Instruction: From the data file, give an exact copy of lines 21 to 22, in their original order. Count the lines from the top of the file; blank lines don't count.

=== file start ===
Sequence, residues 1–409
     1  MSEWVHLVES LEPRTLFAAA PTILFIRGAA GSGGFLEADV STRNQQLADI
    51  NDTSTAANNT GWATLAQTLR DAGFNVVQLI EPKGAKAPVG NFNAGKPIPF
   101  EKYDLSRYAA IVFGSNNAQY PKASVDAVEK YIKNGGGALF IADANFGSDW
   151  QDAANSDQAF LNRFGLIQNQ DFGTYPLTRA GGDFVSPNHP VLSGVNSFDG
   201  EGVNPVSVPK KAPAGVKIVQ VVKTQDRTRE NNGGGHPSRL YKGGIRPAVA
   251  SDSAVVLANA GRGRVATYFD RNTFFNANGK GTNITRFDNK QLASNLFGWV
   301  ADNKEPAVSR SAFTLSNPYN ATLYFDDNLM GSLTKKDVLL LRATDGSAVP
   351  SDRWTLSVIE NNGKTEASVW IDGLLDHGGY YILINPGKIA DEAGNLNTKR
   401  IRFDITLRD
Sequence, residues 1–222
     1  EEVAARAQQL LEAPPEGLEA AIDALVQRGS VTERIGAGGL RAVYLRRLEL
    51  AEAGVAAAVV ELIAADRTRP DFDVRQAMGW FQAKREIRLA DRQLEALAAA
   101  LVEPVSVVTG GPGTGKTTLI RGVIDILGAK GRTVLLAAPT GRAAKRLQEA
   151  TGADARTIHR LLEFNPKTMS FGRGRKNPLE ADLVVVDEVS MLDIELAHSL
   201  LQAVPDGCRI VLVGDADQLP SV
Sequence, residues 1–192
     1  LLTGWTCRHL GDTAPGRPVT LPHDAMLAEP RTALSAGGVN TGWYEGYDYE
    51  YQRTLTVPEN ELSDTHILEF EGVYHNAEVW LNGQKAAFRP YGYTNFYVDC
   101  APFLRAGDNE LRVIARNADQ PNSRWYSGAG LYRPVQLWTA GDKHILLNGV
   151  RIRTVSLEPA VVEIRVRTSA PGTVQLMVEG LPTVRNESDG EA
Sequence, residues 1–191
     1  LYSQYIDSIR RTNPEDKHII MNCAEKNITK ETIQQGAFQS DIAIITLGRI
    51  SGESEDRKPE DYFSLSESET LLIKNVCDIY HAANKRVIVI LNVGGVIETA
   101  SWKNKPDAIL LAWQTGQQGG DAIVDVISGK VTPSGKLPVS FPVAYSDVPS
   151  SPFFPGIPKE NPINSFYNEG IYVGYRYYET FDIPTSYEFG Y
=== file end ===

   151  RIRTVSLEPA VVEIRVRTSA PGTVQLMVEG LPTVRNESDG EA
Sequence, residues 1–191